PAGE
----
Many have been critical of Prime Minister Anthony Albanese’s globetrotting since the election, but I am not concerned about where Mr Albanese’s feet have landed.
It is where our new PM’s head is at that is the issue.
On his visit to Indonesia, Mr Albanese established a new rule that he would not answer questions about Australian domestic issues while in a foreign country.
In an age of email, mobile phones and instant messaging, it was not clear why the PM could not be across the issues that Australians face even while overseas.
It is not like everything is rosy on the home front.
Australians face rising interest rates, an energy system struggling to keep the lights on, a failing health system during a new Covid wave and an escalating cost of living.
In his first two months our new PM has not been focused on these challenges.
During the election campaign, Labor promised to slash people’s electricity bills by $275.
Just five weeks after the election, Labor dumped the promise with Chris Bowen, the Energy Minister, saying: “Since the modelling was done we’ve seen Snowy 2.0 running late, we’ve seen the default market offer going up.” Sorry, there are no refunds on an election result.
Six weeks ago, the government announced a review of the laws that allow the Australian government to keep gas in Australia to meet shortages. I established this mechanism in 2017 as resources minister and within weeks of threatening to “pull the trigger”, gas prices fell by half as the gas industry rushed to avoid the government halting exports.
Instead of wielding this big stick, the new government has played politics and complained that the “LNP” mechanism takes too long.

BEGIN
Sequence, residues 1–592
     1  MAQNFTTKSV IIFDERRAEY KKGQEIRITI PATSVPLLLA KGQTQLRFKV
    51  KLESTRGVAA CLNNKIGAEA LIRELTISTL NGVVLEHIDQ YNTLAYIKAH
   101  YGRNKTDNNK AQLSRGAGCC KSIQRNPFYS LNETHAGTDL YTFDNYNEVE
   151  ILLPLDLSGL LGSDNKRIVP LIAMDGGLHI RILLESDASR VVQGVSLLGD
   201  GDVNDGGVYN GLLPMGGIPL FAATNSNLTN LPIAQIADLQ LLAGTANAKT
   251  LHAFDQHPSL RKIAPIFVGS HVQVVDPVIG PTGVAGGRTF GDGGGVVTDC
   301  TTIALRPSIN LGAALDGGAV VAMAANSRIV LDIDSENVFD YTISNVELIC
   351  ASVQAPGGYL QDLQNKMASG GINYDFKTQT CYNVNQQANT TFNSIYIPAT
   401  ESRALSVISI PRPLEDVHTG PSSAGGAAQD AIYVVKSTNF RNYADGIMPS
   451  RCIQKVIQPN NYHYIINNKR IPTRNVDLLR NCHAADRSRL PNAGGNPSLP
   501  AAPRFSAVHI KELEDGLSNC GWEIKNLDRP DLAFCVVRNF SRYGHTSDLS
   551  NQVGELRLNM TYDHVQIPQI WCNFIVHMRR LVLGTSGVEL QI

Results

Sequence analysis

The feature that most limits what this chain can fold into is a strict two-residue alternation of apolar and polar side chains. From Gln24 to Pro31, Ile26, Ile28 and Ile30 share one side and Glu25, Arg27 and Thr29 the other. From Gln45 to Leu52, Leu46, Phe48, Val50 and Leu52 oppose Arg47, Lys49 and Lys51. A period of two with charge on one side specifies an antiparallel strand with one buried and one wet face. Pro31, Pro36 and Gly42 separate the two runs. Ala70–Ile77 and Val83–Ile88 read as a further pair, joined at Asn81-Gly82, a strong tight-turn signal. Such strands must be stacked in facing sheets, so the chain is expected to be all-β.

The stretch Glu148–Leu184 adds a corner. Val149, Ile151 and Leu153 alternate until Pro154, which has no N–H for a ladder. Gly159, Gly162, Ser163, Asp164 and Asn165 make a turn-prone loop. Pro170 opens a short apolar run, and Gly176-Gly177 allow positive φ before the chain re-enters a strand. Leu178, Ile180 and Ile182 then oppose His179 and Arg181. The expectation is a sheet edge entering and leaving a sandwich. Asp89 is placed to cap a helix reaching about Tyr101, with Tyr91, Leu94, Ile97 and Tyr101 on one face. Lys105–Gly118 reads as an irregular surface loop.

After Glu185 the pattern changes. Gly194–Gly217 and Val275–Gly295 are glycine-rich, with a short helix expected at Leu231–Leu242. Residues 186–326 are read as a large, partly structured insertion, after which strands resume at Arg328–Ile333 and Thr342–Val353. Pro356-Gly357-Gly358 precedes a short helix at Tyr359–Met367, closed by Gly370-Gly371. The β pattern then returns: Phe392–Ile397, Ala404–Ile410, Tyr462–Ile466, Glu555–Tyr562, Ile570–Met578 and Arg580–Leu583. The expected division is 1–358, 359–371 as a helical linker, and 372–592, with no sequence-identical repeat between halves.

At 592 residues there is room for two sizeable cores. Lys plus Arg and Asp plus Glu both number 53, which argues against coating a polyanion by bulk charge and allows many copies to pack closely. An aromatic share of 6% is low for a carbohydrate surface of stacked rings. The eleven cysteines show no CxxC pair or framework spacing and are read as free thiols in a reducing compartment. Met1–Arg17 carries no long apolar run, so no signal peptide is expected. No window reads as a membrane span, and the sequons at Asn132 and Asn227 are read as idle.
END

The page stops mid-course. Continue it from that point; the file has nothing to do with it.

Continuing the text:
Labor announced a review six weeks ago and we have heard nothing since, even though Victoria nearly ran out of gas this week.
When Labor MPs are pushed about what it is going to do to help Australians suffering from a higher cost of living, they respond with vague promises that they will lower the cost of childcare.
What they never say is that Labor’s policy is massively skewed towards the rich.
Labor will extend childcare subsidies to families that earn up to $530,000 a year.
Modelling from the Department of Education shows that under Labor’s policies, a family on $360,000 per year will be better off to the tune of $11,000, whereas a family on $70,000 will receive just $1700 of benefit, 85 per cent less than the rich family.
Why does the Labor Party now look after just the rich?
The reason I fear is that the modern Labor Party is full of university-educated professionals, who only visit a farm, a factory or a work site for a picture opportunity.
Mr Albanese revealed how out of touch he has become when he said that the reason he did not want to extend Covid isolation payments was that “people are continuing to work from home while they have Covid and are receiving, therefore, payments through that”.
How does someone lay a brick wall from home? How does someone stack a grocery shelf from home?
The problem with the modern Labor Party is not that they like flying around in fancy planes, it is that they have spent too much time on a laptop and think everything can be done with it.
Let’s hope the new government gets its head out of the clouds and it does so fast.